The phrase the time of Jacob’s trouble comes from Jeremiah 30:7, which says, “Alas! for that day is great, so that none is like it: it is even the time of Jacob’s trouble; but he shall be saved out of it” (KJV). It is our view that the time of Jacob’s trouble corresponds to the seven-year tribulation of the end times.
In the previous verses of Jeremiah 30, the Lord is speaking to Jeremiah the prophet about Judah and Israel (Jeremiah 30:3–4). In verse 3, the Lord promises that, one day in the future, He will bring both Judah and Israel back to the land He had promised their forefathers. But their return will involve many distresses: “How awful that day will be!” (Jeremiah 30:7). It will be “the time of Jacob’s trouble”—Jacob being a synecdoche for all the nation of Israel. Verse 5 describes Jacob’s trouble as a time of great fear and trembling. Verse 6 describes it in terms of the pains of childbirth, indicating a time of agony. But there is hope for the people of Israel, for the Lord promises He will save them. Even though this is “the time of Jacob’s distress” (NASB), and even though “in all history there has never been such a time of terror” (Jeremiah 30:7, NLT), God will deliver His people.
In Jeremiah 30:10–11 the Lord references the blessings that will come after the time of Jacob’s trouble: “‘I will surely save you out of a distant place, your descendants from the land of their exile. Jacob will again have peace and security, and no one will make him afraid. I am with you and will save you,’ declares the Lord.”
As part of the deliverance He provides from the time of Jacob’s trouble, the Lord says He will destroy the nations who held Judah and Israel in captivity, and He will never again allow Jacob to be completely destroyed. The Lord also describes this as a time of discipline for His people. He says of Jacob, “Though I completely destroy all the nations among which I scatter you, I will not completely destroy you. I will discipline you but only with justice; I will not let you go entirely unpunished.”
Jeremiah 30:7 says, “That day is great, so that none is like it.” The only time period that fits this description is the end-times tribulation. This time is unparalleled in history.
Like Jeremiah, Jesus described the tribulation as a unique time of suffering, speaking of “great distress, unequaled from the beginning of the world until now—and never to be equaled again” (Matthew 24:21). The Lord also used some of the same imagery as Jeremiah. In Matthew 24:6–8, He said the appearance of false christs, wars and rumors of wars, famines, and earthquakes are “the beginning of birth pains.”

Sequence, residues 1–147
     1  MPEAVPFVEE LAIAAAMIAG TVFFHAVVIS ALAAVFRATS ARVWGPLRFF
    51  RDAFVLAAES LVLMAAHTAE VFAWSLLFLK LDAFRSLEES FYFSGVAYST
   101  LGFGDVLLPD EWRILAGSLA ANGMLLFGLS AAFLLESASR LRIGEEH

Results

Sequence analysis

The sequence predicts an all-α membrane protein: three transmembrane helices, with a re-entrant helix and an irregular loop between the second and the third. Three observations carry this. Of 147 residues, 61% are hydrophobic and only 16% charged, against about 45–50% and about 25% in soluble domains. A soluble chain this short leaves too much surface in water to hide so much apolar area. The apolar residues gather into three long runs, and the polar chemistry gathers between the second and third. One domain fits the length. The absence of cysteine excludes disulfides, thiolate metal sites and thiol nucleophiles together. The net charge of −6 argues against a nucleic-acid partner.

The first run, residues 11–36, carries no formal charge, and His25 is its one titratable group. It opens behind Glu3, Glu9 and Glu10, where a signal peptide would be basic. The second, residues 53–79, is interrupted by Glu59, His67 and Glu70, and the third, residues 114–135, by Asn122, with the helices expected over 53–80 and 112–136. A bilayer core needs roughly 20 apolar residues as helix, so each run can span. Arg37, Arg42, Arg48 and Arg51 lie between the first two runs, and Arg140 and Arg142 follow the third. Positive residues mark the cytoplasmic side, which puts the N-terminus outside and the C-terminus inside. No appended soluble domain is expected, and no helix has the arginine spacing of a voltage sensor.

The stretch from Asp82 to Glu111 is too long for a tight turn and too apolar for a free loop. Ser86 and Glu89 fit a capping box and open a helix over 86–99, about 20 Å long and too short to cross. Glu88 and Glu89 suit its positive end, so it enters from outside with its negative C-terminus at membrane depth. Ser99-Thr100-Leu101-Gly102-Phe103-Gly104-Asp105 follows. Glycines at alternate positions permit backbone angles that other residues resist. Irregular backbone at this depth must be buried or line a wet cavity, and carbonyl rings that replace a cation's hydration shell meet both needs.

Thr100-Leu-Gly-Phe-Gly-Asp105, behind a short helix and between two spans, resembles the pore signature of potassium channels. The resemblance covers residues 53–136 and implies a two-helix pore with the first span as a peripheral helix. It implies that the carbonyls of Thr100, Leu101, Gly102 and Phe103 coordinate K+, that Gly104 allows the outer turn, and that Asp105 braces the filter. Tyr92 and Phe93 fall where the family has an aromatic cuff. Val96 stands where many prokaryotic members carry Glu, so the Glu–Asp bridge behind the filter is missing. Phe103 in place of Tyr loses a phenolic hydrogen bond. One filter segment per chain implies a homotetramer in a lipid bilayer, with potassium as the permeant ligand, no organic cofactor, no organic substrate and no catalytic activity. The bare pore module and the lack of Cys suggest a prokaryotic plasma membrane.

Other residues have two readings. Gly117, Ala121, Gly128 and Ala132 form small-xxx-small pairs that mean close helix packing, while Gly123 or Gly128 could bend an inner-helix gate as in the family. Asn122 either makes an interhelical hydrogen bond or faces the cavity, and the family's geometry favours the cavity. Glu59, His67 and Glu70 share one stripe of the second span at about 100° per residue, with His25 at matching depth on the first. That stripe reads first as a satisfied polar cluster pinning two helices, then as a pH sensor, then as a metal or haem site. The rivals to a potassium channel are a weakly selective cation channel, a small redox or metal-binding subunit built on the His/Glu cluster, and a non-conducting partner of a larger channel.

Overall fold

Paul, too, described the tribulation using the simile of birth pains. First Thessalonians 5:3 says, “While people are saying, ‘Peace and safety,’ destruction will come on them suddenly, as labor pains on a pregnant woman, and they will not escape.” This event follows the rapture and the removal of the church in 1 Thessalonians 4:13–18.
These “birth pains” are described in detail in Revelation 6—12. One purpose of the tribulation—“the time of Jacob’s trouble”—is to bring Israel back to the Lord (see Jeremiah 30:22; Hosea 6:1–2; Zechariah 12:10).
The time of Jacob’s trouble demonstrates that God keeps His promises, judges sin, and saves those who trust in Christ. In the end times, God will pour His judgment on a wicked world, and this seven-year tribulation, from Israel’s point of view, is the time of Jacob’s trouble. In this time, God purges His chosen people of the wicked and unbelieving, but “everyone who calls on the name of the Lord will be saved; for on Mount Zion and in Jerusalem there will be deliverance, as the Lord has said, even among the survivors whom the Lord calls” (Joel 2:32; cf. Romans 10:13). After that time of Jacob’s trouble is a time of peace, as the Lord Himself sets up His kingdom on earth for 1,000 years (Revelation 20:1–6; cf. Isaiah 11).